NEW YORK (Reuters) - Despite age restrictions on some social media sites, the number of U.S. parents who would allow children 10-12 years old to have a Facebook or MySpace account has doubled in a year, a new survey showed.
Seventeen percent of U.S. parents questioned in the poll said they had no problem with a pre-teen child using a social media site, compared to just eight percent a year ago.
And 11 percent of parents admitted to using social media sites on behalf of a young child or infant, according to the online survey of about 1,000 adults by Liberty Mutual’s Responsibility Project.
“More and more parents are allowing their children to have a Facebook account or to have more online activity at younger and younger ages.” said Janet Taylor.
The clinical instructor of psychiatry at Columbia University at Hospital in New York described the findings as a sign of the times.
“It’s not alarming. I think it means we need to be aware of what is going on and how to best utilize social media,” she added in an interview.
Most parents think that children under 18 should not be able to keep their account to themselves and a third monitor their usage. Forty four percent also limit the time spent on the Internet or texting.
Facebook, which has 500 million active users, was the most popular social network among adults in the poll. Nearly 90 percent used it frequently, followed at a very distant second by the professional website LinkedIn with 6 percent, Twitter and MySpace.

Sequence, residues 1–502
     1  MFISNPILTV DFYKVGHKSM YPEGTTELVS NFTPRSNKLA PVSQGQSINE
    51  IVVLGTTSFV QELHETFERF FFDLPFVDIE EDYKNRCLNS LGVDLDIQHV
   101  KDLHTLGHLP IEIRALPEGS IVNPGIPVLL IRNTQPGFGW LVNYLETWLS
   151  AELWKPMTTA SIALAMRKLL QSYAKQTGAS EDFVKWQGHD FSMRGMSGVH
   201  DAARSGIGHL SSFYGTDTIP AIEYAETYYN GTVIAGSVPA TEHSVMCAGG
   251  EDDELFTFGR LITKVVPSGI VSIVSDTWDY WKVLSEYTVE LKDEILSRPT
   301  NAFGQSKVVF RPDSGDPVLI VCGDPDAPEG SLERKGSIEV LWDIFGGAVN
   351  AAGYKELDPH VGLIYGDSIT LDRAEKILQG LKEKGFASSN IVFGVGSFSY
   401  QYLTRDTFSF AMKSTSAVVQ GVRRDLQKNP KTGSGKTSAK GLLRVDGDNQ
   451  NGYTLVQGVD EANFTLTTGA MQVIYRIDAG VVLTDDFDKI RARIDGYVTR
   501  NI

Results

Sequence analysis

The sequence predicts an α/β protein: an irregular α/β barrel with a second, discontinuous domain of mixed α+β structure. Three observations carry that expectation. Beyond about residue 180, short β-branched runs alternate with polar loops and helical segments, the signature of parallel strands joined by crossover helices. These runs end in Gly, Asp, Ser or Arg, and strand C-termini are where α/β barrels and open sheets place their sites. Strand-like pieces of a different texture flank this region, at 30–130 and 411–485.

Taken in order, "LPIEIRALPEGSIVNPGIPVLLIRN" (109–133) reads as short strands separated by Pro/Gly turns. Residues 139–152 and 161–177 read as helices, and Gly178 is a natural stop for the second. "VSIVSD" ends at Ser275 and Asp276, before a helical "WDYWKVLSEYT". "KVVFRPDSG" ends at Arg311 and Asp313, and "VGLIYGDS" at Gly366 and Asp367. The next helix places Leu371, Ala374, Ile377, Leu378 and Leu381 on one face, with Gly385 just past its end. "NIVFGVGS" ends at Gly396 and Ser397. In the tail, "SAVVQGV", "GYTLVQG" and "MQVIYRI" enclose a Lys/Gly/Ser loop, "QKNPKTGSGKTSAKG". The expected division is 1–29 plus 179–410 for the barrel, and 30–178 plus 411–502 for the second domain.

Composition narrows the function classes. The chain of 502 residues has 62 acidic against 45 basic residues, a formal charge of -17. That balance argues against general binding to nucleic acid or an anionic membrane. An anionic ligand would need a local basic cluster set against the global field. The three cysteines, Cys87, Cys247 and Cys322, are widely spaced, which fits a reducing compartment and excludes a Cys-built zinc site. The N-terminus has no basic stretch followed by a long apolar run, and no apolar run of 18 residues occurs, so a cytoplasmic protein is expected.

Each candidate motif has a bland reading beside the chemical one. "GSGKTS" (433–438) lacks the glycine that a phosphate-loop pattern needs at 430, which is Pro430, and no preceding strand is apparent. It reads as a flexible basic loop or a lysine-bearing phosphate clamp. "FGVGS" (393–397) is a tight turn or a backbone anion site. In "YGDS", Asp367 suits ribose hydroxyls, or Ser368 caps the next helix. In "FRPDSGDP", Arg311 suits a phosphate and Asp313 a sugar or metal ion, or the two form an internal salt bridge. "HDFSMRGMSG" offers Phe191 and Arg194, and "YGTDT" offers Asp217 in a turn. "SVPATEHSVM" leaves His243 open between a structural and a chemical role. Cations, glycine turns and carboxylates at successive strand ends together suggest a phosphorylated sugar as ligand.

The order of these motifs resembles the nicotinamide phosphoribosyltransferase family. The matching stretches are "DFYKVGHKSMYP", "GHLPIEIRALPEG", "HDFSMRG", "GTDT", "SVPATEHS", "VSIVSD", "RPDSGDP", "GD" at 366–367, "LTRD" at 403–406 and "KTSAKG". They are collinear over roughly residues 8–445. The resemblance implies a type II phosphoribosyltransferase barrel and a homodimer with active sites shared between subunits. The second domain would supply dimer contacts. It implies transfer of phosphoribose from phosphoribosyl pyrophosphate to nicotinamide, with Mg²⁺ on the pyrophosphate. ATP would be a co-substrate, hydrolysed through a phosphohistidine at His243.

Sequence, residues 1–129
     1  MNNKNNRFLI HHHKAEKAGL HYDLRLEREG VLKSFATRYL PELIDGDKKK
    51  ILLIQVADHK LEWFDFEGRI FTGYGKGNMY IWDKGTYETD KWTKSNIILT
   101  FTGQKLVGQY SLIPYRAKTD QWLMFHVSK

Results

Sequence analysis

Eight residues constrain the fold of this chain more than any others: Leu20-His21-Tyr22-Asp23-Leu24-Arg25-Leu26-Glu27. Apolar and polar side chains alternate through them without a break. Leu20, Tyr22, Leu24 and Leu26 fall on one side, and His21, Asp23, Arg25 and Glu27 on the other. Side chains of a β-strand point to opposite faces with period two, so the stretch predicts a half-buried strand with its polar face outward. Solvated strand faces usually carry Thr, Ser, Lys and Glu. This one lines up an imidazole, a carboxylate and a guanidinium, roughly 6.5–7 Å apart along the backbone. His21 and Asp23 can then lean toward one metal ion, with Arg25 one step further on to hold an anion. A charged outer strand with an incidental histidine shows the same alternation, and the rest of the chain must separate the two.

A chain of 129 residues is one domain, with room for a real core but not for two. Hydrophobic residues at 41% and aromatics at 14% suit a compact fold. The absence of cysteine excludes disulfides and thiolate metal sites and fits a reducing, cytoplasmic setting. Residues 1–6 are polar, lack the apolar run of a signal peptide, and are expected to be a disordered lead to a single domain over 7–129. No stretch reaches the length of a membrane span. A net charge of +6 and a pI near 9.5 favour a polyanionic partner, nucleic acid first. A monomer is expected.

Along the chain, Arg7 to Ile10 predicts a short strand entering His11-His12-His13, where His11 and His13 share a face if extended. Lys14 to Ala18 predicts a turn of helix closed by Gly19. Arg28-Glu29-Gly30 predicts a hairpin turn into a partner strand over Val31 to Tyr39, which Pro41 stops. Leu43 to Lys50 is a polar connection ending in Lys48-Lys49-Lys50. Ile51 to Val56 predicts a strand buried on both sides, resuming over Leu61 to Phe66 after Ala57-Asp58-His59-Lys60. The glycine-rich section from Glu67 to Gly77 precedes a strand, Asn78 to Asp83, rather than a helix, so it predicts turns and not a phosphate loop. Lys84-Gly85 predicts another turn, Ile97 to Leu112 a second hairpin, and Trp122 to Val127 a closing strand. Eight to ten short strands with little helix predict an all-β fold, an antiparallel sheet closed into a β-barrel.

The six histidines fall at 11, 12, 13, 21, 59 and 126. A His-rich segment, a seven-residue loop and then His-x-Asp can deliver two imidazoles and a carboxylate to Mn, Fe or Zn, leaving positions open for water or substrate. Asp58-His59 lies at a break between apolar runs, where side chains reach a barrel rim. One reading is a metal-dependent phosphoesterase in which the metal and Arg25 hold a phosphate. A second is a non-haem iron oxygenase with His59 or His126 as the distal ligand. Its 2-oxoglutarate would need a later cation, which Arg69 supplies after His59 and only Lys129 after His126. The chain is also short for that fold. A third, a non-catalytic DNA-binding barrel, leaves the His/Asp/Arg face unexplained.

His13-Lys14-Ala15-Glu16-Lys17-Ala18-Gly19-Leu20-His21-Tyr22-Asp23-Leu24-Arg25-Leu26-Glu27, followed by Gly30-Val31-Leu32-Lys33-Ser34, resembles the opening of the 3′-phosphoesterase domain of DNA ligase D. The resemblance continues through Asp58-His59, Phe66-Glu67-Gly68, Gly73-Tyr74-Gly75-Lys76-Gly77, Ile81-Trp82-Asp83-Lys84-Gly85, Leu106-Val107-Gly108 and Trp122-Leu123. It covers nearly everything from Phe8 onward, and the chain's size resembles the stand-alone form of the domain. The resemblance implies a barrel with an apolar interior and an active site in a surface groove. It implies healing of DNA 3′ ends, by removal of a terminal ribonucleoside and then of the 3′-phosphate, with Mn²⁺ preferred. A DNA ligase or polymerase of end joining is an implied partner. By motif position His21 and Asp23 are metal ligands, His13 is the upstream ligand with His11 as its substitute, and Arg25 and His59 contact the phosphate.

Although only three percent of people questioned said they used the microblogging site Twitter frequently, they had definite ideas about what was acceptable and what was not.
Nearly two-thirds thought it was unacceptable for the staff of celebrities and CEOs to ghost-tweet for them and 46 percent didn’t think celebrities should use Twitter to argue with each other.
Twenty seven percent also did not agree with CEOs tweeting about their company.
Most Twitter users follow their friends and celebrities and tweet about their daily activities or current events. Only four percent tweeted about politicians or a religious leader, while 11 percent tweeted about their own achievements and 8 percent used it to criticize other people.
When questioned about cyberbullying, most parents said they thought it was their responsibility to resolve the situation if their child was a victim and 63 percent thought teachers and schools should be doing more to stop it.
Reporting by Patricia Reaney; editing by Paul Casciato